Avant-DJ Scanner continues his collaborative Meld Series with this second volume starring multimedia artist Stephen Vitiello, an experimental New York guitarist who also works in film and visual art. Fittingly, the six tracks that make up Scratchy Marimba are more soundscapes than songs, with Vitiello and a handful of collaborators — including former Firewater violinist Hahn Rowe on turntables and Scanner manipulating voices and tapes — joining forces on pieces that are more concerned with texture and mood than tone and melody. Loudmouth, for instance, skips along to an ambient, Frippertronic loop and some funky-drummer percussion, while the title track quite succinctly lives up to its name. For the more adventurous, the noise-based Taxi Take Off Turbulence and Landing consists of low-frequency rumbles, mechanical squeaks and a plaintive classical melody, looped and mixed so low it’s almost subliminal. Is this art? I dunno — but I know I like it.
Christened by the sound of an airplane taking off, accompanied by a booklet of pictures from a tropical paradise, electronica and house producer Rupert (Photek) Parkes’ sophomore CD definitely exudes an escapist vibe. It’s only fair — Solaris finds the jungle legend expanding his horizons beyond the confines of the paranoid, hard-edged drum ’n’ bass sound he pioneered and perfected on 1997’s Modus Operandi. Venturing into Chicago-style acid-house and techno minimalism, Parkes stretches out and relaxes, crafting neck-snapping, brittle beats that anchor his wobbling, subatomic bass lines and squirrly, textured synths. Two numbers, Mine to Give and Can’t Come Down, even feature disco diva-ish vocals. Only Infinity offers a bit of trouble in paradise, returning to the darkly complex drum ’n’ bass fans know and love. Tellingly, it’s also one of more focused works on the album, whose lengthy, loose grooves tend to be a long journey that doesn’t really end up anywhere. I hope Photek enjoyed his vacation — but now it’s time he got back to work.
Mind on the Moon
Informer? More like Reformer. Reggae-pop toaster and dancehall bad boy Snow cleans up his act big-time on his fourth CD Mind on the Moon. After the heavy Jamaican vibe of his ’97 flop Justuss, Darrin O’Brien takes blatant aim at the pop charts here. Rubba-dub rhythms and Caribbean melodies are tossed for silky smooth soul and boy-band hip-pop, and even Snow’s boasting toasting — arguably his main strength — is literally pushed back in the mix to make room for crooning vocals on songs like Everybody Wants to Be Like You, one of several numbers that could be an outtake from a Backstreet Boys demo (not surprisingly, BSB and ’N Sync cohort Mike Tucker had a hand in the production). It ain’t totally snow white — the song Jimmy Hat is about exactly what you think, in no uncertain terms. But in the main, Snow’s latest will leave you cold.
Storyteller is a term often applied to folksingers. But rusty-voiced troubadour Richard Buckner really takes it to heart on his riveting new album The Hill. The high-concept disc is based on writer Edgar Lee Masters’ historical Spoon River Anthology, with Buckner crafting 18 intimate musical portraits that join together like chapters into a rich, well-plotted novel. In literary terms, it’s like a collaboration between Faulker and Hemingway — Buckner sketches characters like Oscar Hummel, Julia Miller and Emily Sparks with an elegant economy of words and instrumentation, utilizing rustic instruments and his world-weary voice to deliver bleak, southern-gothic vignettes of love and death that wouldn’t be out of place among the century-old artifacts on the Anthology of American Folk Music. It could be a new chapter in folk music.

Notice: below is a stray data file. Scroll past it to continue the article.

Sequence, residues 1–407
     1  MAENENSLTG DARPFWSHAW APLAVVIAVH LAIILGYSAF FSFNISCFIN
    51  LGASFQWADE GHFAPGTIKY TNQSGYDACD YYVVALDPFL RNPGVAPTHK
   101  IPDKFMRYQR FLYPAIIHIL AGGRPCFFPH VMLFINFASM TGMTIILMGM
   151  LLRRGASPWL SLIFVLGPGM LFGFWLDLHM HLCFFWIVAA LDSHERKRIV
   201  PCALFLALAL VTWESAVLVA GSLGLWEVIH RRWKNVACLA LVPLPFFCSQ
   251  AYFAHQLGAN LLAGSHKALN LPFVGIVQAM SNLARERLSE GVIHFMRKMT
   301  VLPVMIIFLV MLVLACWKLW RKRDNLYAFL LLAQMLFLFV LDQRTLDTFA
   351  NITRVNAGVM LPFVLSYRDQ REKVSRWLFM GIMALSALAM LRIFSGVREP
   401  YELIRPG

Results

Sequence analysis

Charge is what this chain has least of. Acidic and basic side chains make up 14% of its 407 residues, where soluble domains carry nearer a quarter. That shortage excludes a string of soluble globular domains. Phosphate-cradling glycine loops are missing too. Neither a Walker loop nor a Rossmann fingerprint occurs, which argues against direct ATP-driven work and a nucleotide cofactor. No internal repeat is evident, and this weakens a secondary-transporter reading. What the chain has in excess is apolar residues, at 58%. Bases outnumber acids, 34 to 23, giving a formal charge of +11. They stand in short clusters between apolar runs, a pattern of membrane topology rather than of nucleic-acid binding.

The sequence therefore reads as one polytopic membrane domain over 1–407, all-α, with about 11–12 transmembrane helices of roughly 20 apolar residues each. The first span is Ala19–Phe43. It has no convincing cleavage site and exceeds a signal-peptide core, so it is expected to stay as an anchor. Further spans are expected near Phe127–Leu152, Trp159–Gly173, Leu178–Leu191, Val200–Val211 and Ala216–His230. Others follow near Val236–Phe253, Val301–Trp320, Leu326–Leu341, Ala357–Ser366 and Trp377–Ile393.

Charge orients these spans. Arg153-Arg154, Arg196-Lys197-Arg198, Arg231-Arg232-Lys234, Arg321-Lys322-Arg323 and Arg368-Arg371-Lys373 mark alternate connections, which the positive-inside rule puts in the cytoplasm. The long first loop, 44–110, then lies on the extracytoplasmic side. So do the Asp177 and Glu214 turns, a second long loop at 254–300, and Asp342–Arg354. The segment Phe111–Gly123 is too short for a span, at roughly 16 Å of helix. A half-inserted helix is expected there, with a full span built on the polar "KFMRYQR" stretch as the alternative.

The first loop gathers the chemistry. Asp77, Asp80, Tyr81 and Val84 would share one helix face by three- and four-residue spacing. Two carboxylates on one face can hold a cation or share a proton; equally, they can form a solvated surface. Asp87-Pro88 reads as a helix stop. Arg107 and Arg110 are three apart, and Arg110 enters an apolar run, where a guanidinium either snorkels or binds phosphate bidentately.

Axel Rudi Pell
The Masquerade Ball
Current Eurometal comes in two major varieties: The fantasy camp with keyboards and tight-trousered vocalists belting out overblown songs about wizards and warlocks, and the black-hearted death grinders who snarl and screech about dismemberment and destruction. The title and armor-suited skeletons on the cover of this 11th CD by German guitar whiz Axel Rudi Pell should be enough to tell you which team he plays on. Not that there’s anything wrong with that. Pell’s sleek, Blackmore-ish riffs and envelope-pushing solos, aided and abetted by big-lunged singer Johnny Gioeli, give melodic metal numbers like Voodoo Nights and Tear Down the Walls a classic rock cast that would easily win over fans of Scorpions, Rainbow and old Bon Jovi. Which is more than you can say for the average death-metal act.
Like their handle suggests, this DJ collective features an axis of some of the turntable world’s superpowers. This six-member outfit — including teenage Canadian scratch-master A-Trak — boasts resumes loaded with world titles and awards. Here, instead of battling each other, they collaborate on some seriously smoking hip-hop, rap and dance tracks. And I do mean collaborate — A-Trak, Develop, Spictakular, J-Smoke, Infamous and Craze each get one solo track and then take turns cutting it up on three mind-bending, scratch-fest group endeavours. Walking a line between dancable grooves and engaging head-candy sonic collages, The Allies are as unstoppable as a tank. Let the invasion begin.
Although he flies way below the radar of North American pop culture, Chris Knox is a major figure on the indie-rock scene in his native New Zealand, thanks to his lengthy tenure as one half of lo-fi garage popsters Tall Dwarfs. I doubt his latest album — his 11th, by our count — will do anything to elevate him from beloved cult figure on these shores. More’s the pity. Beat, an ode to love in all its many twisted forms, features 13 tracks of charming home-recorded simplicity, fuzzy sugar-pop and cockeyed wit that kinda sound like a union between early Go-Betweens, The Violent Femmes’ more low-key moments and Dylan if he could loosen up a little. As an added DIY bonus, Knox includes not only the lyrics but also the chord changes and horn charts so you can try this at home, kids. But even if you can imitate Knox, few can truly duplicate his disarmingly charming style.